- Established after the terrorist attacks of Sept. 11, 2001, Camp Lemonnier is home to 4,000 personnel.
- Some are involved in highly secretive missions, including targeted drone killings in West Asia and the Horn of Africa, and the raid last month in Yemen that left a member of the Navy SEALs dead.
- The base, which is run by the Navy and abuts Djibouti’s international airport, is the only permanent U.S. military installation in Africa.
- Beyond surveillance concerns, U.S. officials, citing the billions of dollars in Chinese loans to Djibouti’s heavily indebted government, wonder about the long-term durability of an alliance that has served Washington well in its global fight against Islamic extremism.
- Chinese officials play down the significance of the base, saying it will largely support anti-piracy operations that have helped quell the threat to international shipping once posed by marauding Somalis.
- In addition to having 2,400 peacekeepers in Africa, China has used its vessels to escort more than 6,000 boats from many countries through the Gulf of Aden, the Ministry said.
- China’s military has also evacuated its citizens caught in the world’s trouble spots. In 2011, the military plucked 35,000 from Libya, and 600 from Yemen in 2015.
- Beijing also said that China was not budging from its “defensive” military policy and that the base did not indicate an “arms race or military expansion.”
- S. officials say they were blindsided by Djibouti’s decision, announced last year, to give China a 10-year lease for the land..
- It helps that the Chinese are paying $20 million a year in rent to the country, on top of the billions they are spending to finance critical infrastructure, including ports and airports, a new rail line and a pipeline that will bring desperately needed drinking water from neighbouring Ethiopia.
💡 Greece in trouble again
- The future of Greece’s €86 billion bailout — the third since the 2010 debt crisis — hangs in the balance in the absence of crucial backing from the International Monetary Fund (IMF), and with three European Union (EU) member states going to polls this year.
- Athens has to repay a loan instalment by July in order to avail of the next part of the rescue funds under the terms of the 2015 deal. To cross that hurdle, the Greek government has to satisfy the demands of both the creditors of the eurozone and the IMF.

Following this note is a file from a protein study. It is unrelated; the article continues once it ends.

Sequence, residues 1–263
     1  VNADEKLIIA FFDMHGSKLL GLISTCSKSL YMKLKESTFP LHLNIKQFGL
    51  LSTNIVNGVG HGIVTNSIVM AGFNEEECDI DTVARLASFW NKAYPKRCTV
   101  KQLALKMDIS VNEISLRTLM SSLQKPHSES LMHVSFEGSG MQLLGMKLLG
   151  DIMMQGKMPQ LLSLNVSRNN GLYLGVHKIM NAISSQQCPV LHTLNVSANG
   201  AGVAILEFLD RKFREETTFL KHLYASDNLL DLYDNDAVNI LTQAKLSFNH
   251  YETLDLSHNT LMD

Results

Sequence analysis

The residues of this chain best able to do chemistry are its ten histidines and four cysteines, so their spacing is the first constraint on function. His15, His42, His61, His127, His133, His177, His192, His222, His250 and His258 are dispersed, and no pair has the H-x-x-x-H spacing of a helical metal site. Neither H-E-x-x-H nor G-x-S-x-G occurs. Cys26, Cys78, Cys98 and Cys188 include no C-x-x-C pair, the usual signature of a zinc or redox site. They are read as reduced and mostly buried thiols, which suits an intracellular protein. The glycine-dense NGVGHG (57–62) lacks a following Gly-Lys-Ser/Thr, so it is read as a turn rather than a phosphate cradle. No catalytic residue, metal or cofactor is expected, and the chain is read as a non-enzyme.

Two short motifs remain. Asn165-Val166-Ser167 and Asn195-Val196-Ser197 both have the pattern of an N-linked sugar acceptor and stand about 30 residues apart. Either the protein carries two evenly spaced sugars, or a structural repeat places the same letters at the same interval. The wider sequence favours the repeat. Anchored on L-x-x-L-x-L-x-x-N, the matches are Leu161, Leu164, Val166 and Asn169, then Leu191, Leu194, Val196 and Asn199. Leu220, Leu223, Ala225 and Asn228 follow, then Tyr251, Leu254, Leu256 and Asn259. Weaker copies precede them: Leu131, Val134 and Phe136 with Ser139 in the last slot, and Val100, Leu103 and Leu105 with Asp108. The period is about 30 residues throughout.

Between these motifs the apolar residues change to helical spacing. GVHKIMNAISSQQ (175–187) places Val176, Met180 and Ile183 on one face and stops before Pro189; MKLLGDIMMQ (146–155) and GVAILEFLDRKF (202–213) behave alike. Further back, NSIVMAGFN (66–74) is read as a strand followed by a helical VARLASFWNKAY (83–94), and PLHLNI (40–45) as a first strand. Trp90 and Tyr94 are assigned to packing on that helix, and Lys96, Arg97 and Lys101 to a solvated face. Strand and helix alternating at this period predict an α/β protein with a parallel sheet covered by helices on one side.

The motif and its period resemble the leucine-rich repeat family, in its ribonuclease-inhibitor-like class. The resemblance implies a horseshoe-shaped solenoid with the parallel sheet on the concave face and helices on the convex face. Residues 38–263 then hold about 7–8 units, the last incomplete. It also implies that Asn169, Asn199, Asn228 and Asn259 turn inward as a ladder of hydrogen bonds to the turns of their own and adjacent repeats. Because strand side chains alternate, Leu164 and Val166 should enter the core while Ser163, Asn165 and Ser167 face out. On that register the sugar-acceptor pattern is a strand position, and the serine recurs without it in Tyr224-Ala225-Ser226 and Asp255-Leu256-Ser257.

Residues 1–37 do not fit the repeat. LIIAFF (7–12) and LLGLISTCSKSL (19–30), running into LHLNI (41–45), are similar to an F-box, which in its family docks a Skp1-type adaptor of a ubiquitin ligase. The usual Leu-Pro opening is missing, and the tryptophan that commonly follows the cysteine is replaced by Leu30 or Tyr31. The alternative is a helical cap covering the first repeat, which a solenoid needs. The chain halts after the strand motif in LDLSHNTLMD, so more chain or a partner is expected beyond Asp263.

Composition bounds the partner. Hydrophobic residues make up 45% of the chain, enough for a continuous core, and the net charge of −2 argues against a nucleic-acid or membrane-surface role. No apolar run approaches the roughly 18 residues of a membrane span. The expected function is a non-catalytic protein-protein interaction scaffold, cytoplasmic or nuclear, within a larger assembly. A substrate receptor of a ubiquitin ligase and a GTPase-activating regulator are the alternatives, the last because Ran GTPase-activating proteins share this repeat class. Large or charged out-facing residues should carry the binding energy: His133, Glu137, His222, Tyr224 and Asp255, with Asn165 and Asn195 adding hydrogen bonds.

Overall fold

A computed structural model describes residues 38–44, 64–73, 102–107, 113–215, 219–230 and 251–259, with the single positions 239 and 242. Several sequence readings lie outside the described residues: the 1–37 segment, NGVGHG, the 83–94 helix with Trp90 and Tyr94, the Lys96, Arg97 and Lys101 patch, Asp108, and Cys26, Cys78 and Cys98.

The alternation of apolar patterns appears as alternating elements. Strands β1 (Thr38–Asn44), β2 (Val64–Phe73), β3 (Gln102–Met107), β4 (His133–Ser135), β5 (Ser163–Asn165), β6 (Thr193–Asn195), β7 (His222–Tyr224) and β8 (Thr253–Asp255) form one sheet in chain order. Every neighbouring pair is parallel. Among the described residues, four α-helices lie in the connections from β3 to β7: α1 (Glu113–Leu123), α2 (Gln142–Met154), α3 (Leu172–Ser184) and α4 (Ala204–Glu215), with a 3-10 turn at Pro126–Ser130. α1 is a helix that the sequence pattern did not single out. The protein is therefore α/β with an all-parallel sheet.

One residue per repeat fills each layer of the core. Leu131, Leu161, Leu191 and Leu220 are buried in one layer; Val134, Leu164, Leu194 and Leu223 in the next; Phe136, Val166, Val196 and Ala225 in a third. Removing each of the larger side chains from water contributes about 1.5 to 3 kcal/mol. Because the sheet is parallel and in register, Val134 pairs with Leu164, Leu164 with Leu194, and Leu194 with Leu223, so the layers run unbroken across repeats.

- There is uncertainty about the outcome, with the EU and the IMF at loggerheads over the health of the Greek economy and Athens unwilling to adopt a single euro more of austerity than what was agreed.
- The rift is centred around a recent report by the IMF describing Greece’s public borrowings as being on an “explosive path”. The report further pointed out that the bailout target of a budget surplus of 3.5% of GDP was unrealistic, and reiterated the need for urgent debt relief.
- The IMF conceded that its 24-member executive board was divided over the issue after angry European reactions to these findings. But it did not back down on its repeated calls for at least partial debt forgiveness for Greece.
- Significant also was the division on display between the EU states and other countries on the IMF’s assessment of the Greek economy. Jeroen Dijsselbloem, president of the Euro group of finance ministers, labelled the depiction as too pessimistic and the figures as outdated. He pointed to Greece’s impressive growth in recent quarters, accompanied by buoyancy in tax revenues. His strong criticism was echoed by fellow finance ministers of the single currency bloc, including Euclid Tsakalotos of Greece. The IMF’s demand that Parliament pre-legislate additional measures that would come into force should the country once again fail to meet fiscal targets has raised the hackles among Greek legislators.
- Paradoxically, the IMF’s sober assessment of the Greek economy makes any substantial participation on its part in the rescue effort all the more untenable. Conversely, the credibility of the current bailout programme depends critically on direct involvement, including financial contributions from the body.
- Germany and other northern European creditor countries are especially concerned about the difficulty of garnering domestic political support in the absence of more direct backing from the IMF.
- For now, Athens must pin its hopes on winning wider support for the IMF’s strong advocacy for debt relief, which is itself a significant shift from the stiff fiscal terms the organisation had set in the initial years of the euro zone crisis.
- Greek Prime Minister Alexis Tsipras has often emphasised the common destiny of the Greek people inside the EU. He is equally alive to the potential populist nationalist backlash in the upcoming elections in the Netherlands, France, and Germany.